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I'm probably the worst Inspirit ever for revealing this, but I haven't watched a Myungsoo drama since Shut Up, Flower Boyband. And that does not bother me. This drama looks cute and fun and light, but as much as I love Myungsoo (and I do! He's my second bias), I likely won't be tuning in until he stops acting like he's in a high school drama class. That being said, I'm so happy he's joining the Marines and hope he gets some grit to add to his acting range once he comes out the other side.

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To be fair, with the exception of maybe Miss Hammurabi, Shut Up: Flower Boy Band is still probably his best performance. By a lot. LOL. So I totally understand that.

He doesn't seem to fit sageuks.

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Shun Hye-sun pulled a very good performance out of L in ANGEL'S LAST MISSION. You can actually see the transition from his more L-like performance in the first couple of episodes and what he is doing later in the drama. And give him some credit: The script he was working with was flawed at the deepest levels.

That said- I do not really see him as Sageuk material either. But this one is supposed to be lighter and more comedic so maybe it works here.

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Yes i agree L is the weakest link. His drama that i watched before is emperor mask (he's terrible there). Watch eps 1-2 and yeah the drama is light and enjoyable. It's not heavy but maybe will become one later. It's not a grand sageuk with prince, king, etc. That's why i'm interested.
It comes from princess man PD, so mayble i'll give it a try to watch more episodes.
Though i agree Nara is so pretty.

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It is refreshing how Yi-kyum's character isn't the straight, smart man to his funny servant; they're both fools. Only difference is that Yi-kyum is a nobleman (at least we have a non-prince main character!) and Choon-sam isn't. But I cringe at how Yi-kyum's job didn't even start yet, and he's already terrible at keeping a secret. He's going to be getting a lot of plot armor to prevent him being being killed. Choon-sam is also bad at keeping this a secret.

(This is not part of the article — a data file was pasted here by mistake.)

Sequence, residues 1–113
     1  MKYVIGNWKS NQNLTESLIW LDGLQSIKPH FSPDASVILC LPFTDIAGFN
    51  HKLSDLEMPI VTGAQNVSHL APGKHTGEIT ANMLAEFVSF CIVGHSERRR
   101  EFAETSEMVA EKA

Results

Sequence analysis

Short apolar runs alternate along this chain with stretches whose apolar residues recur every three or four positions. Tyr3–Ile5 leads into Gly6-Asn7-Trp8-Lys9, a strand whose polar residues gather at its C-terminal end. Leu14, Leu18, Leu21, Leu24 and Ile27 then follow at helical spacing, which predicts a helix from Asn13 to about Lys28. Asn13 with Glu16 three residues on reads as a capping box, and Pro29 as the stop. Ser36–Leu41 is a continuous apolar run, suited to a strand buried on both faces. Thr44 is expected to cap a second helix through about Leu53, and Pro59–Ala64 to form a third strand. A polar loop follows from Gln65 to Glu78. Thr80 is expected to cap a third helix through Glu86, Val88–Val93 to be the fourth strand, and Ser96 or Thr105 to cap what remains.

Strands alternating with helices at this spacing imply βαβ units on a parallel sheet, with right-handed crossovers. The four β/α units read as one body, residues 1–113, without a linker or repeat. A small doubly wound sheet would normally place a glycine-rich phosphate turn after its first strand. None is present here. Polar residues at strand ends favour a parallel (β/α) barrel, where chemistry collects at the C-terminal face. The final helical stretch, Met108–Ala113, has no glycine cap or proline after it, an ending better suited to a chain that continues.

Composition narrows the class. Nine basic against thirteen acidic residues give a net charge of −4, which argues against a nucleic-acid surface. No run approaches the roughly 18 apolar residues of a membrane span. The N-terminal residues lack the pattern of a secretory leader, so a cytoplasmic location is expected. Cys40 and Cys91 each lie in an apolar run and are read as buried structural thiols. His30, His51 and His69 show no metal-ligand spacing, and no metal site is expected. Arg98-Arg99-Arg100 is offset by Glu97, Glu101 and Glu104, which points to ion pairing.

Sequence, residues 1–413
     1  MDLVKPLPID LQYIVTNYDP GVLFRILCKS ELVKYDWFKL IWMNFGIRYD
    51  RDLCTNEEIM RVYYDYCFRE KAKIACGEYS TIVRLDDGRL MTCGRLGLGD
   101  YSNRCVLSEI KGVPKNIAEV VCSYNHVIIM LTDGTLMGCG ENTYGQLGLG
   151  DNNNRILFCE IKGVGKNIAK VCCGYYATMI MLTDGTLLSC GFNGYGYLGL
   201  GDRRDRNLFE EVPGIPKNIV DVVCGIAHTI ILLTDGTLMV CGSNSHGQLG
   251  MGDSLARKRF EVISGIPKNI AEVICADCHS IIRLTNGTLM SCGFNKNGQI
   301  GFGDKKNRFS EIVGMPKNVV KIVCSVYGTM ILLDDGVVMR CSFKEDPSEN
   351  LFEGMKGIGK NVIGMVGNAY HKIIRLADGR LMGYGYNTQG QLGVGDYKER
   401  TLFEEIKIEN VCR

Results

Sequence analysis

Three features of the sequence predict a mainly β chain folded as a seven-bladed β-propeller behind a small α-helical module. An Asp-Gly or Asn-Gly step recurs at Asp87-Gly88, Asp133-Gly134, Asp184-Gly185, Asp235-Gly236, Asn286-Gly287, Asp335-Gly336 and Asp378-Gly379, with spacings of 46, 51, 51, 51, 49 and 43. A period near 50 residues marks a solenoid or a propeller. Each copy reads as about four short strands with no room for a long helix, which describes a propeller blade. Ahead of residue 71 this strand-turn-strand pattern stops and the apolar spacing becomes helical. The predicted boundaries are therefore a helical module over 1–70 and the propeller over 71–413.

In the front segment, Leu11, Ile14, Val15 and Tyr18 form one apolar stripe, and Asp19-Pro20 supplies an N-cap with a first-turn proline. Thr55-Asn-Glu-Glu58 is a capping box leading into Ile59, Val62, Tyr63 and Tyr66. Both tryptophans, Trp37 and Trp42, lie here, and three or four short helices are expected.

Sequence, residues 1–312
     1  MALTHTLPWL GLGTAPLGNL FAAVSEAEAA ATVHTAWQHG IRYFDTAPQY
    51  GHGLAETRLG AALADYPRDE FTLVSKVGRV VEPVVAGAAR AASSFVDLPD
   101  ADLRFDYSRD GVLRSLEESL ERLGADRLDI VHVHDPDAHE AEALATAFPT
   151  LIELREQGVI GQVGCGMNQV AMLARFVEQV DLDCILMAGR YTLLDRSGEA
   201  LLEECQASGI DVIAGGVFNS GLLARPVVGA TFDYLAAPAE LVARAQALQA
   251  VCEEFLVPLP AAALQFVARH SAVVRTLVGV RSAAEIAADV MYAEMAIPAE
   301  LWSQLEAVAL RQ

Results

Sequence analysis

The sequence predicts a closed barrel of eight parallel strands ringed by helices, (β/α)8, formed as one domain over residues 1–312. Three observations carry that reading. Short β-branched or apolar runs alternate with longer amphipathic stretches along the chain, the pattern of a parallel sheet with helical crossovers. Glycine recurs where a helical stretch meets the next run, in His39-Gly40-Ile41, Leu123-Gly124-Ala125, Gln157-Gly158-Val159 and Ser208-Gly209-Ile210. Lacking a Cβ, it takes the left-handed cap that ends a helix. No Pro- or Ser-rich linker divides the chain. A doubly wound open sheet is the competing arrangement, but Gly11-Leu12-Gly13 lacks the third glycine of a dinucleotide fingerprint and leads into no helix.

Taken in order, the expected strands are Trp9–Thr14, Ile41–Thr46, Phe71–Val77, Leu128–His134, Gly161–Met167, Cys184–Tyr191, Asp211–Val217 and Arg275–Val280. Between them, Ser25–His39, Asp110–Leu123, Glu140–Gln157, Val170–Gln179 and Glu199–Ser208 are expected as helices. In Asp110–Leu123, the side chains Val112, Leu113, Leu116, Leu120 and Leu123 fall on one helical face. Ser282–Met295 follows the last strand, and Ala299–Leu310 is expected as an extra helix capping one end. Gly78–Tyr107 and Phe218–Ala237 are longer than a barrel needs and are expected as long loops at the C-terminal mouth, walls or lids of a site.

I found it hard to get into this drama and surprisingly, it isn't because of the acting. I guess I'm more lax on the acting; I thought they were all fine - yes, including L - for a drama of this type: a low-budget sageuk that is more costume drama than actual historical drama. Think Hwarang. But it seems like everything else is off. Like even the way they chose to start the drama was boring. The pacing was also a tad slow. I hope they will lean hard into the cheeky, comedy aspect and don't take too many dramatic, serious turns or devote too much time to the romance. It'll be nice to just see the 3 just get into capers and get justice.

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The failure to keep secrets was cringe-worthy.

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Dramallama has it right concerning L's performance: It is not great but we have definitely seen worse. It is basically acceptable but not at the very much higher level of Lee Yi-kyung or Kwon Na-ra.

I have heard that L will soon be serving in the Special Forces (aka the Marines). It will be interesting to see if that experience adds depth to his acting.

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The action scenes are a bit hard to follow, but L looks most confident in those scenes. I'm at episode 4 and there have been a few fisticuffs already.

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So this was fine. L is as other beanies have stated the weakest link. It is really unfortunate because I think a better actor would make this more interesting. For now the drama isn't offensive enough for me to quit, but I am watching for Kwon Nara and Lee Yi Kyung, who frankly is wasting his talent playing second fiddle to L.

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This was an innocuous, pleasant watch but with so much good television to view elsewhere (I cannot believe I have not yet finished either Queen's Gambit and The Undoing) and in light of some tremendous kdramas earlier this year which serve as unfair comparisons, I just cannot see myself devoting another 15 hours to this one. I am pinning greater hopes on Jang Dong Yoon's King Sejong drama.